Here’s the View from Inside NASA’s X-59 Supersonic Plane Engine Inlet

X-59 supersonic airplane engine inlet 5 photos
Photo: Lockheed Martin
NASA QueSST airplaneNASA QueSST airplaneNASA QueSST airplaneNASA QueSST airplane
With a planned first flight as soon as next year, NASA is speeding the pace of development for the X-59 supersonic research aircraft. Also known as Quiet SuperSonic Technology (QueSST), the machine is supposed to be the one that would make supersonic flight over populated areas possible, including by civilian aircraft.
The only successful civilian supersonic aircraft to fly to date, the Concorde, generated quite the noise when in the air. 90 dB is what measurements read, but because no one is allowed to go supersonic over populated areas, it screamed them all in the vastness of the Atlantic ocean air.

The X-59, although still supersonic, is supposed to breach the sound barrier with just a 60 dB thump, about as much as you get in an average chat with a friend. This incredibly low level of noise is due to a number of technologies that will be deployed on the plane, meant to separate the shocks and expansions of air pressure waves associated with supersonic flight.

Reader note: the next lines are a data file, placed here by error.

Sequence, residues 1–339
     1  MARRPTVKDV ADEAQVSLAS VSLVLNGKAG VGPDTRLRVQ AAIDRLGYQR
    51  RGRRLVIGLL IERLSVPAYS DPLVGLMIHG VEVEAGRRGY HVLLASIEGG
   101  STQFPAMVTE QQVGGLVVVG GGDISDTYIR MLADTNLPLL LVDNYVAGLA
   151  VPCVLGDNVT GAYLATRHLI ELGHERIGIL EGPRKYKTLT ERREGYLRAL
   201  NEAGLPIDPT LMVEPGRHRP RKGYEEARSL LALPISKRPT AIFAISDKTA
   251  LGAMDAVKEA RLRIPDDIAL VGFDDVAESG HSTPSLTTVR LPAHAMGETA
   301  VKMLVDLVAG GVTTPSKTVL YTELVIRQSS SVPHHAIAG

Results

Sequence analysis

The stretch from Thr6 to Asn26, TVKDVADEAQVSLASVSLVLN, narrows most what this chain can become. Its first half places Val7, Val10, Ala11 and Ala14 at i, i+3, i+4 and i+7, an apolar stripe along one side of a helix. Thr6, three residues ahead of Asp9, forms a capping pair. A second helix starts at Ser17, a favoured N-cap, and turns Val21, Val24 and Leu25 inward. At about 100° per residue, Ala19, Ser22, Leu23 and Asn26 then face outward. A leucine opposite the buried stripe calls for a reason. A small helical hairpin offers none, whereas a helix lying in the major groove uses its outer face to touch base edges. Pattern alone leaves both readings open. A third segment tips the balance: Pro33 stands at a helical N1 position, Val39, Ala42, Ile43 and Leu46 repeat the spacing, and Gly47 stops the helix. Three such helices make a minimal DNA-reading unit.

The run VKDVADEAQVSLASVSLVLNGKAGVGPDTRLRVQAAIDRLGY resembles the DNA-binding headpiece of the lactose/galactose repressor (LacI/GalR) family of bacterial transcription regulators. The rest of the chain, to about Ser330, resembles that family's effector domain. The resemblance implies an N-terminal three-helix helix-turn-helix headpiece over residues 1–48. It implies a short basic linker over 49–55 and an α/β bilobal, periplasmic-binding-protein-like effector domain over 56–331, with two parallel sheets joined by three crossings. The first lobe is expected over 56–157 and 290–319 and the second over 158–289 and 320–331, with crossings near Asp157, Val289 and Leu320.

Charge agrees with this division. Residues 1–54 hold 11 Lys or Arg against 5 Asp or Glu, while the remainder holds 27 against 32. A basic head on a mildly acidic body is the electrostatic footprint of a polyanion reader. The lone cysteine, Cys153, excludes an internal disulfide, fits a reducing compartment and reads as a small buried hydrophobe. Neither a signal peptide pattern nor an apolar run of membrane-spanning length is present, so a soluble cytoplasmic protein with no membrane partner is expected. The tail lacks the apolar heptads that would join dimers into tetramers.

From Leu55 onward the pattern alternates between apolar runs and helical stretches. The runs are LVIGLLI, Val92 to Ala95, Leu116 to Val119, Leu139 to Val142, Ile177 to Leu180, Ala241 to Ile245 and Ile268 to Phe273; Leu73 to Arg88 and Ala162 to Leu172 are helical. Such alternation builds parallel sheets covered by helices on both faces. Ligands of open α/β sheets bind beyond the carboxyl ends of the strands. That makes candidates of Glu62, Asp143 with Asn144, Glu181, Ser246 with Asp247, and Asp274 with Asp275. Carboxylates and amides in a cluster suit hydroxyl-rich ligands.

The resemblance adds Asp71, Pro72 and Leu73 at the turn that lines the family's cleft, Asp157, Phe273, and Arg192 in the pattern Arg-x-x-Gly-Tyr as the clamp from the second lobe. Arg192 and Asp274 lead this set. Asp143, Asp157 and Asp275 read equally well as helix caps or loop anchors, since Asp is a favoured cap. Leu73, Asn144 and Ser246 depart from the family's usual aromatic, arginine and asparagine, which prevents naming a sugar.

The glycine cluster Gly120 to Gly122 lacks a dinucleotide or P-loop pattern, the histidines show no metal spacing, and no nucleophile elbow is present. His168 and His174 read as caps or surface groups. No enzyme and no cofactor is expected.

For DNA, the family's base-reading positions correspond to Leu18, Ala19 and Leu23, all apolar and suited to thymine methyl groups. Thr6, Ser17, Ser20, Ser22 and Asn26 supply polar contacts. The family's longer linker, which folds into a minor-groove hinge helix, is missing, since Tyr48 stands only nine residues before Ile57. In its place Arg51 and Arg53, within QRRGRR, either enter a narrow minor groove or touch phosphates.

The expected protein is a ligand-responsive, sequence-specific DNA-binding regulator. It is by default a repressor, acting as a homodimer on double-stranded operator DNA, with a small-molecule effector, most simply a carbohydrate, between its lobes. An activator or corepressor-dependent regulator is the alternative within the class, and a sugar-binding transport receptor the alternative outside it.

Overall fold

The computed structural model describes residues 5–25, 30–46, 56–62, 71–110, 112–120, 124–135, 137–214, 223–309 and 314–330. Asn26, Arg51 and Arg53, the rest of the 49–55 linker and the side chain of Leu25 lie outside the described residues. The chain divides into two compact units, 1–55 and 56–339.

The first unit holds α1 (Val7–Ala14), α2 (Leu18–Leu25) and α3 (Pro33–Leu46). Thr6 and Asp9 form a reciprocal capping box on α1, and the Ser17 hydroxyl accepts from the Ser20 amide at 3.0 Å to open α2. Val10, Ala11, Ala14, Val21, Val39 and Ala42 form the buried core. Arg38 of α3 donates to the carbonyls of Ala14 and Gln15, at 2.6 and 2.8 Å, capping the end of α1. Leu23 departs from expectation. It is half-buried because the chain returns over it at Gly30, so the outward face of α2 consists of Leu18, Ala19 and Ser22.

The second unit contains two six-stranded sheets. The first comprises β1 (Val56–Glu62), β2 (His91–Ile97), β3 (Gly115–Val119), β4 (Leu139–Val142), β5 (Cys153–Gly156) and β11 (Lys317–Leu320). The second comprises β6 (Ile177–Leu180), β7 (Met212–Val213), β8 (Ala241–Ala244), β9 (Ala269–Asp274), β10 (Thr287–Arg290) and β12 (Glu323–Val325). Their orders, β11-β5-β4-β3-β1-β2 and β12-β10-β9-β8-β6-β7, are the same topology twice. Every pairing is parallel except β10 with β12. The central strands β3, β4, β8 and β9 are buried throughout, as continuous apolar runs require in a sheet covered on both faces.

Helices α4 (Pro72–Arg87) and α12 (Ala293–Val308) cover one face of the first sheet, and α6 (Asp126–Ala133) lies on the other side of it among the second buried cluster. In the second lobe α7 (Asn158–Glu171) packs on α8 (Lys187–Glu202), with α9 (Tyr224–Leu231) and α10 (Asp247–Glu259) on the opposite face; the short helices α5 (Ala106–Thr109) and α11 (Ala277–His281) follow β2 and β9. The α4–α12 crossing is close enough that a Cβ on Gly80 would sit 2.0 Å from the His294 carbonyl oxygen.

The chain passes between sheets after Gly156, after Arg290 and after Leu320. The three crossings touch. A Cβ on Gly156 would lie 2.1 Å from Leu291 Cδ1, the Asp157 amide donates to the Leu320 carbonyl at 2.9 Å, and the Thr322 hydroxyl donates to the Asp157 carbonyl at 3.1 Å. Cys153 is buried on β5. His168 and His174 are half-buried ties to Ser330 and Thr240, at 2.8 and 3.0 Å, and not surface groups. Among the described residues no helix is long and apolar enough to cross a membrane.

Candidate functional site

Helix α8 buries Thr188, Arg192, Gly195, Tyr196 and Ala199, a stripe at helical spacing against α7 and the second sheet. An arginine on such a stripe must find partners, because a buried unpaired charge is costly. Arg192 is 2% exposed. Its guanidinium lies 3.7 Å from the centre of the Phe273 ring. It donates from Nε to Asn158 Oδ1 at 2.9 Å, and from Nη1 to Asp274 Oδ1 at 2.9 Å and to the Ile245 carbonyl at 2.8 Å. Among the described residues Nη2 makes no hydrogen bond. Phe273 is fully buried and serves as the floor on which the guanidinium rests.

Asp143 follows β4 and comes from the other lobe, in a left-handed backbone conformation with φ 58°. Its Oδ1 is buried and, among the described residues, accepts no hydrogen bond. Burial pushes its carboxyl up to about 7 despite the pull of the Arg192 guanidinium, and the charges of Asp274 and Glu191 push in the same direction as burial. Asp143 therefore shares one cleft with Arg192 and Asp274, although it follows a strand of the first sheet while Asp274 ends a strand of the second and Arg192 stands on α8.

One of these technologies is the engine inlet that will feed the General Electric F414 powerplant that will power the thing. Unlike in other aircraft, the inlet, and by extension the engine, is not placed on the bottom of an aircraft, but on top of it, thus the wing can act as a shield and protect the hardware from supersonic shock waves. The goal of the engine inlet is to feed it air in controlled bursts, smooth and slow.

Last week, NASA shared an image (main photo of this piece) of the said air inlet, as it moves to conduct tests of how it is going to work. For now, the hardware is restricted to high-speed wind tunnel testing, but once it gets onto the plane and the whole thing is ready to fly, it will work its magic in the skies over select American cities as its builders are looking to get a look at some data of what they have done.
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About the author: Daniel Patrascu
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Daniel loves writing (or so he claims), and he uses this skill to offer readers a "behind the scenes" look at the automotive industry. He also enjoys talking about space exploration and robots, because in his view the only way forward for humanity is away from this planet, in metal bodies.
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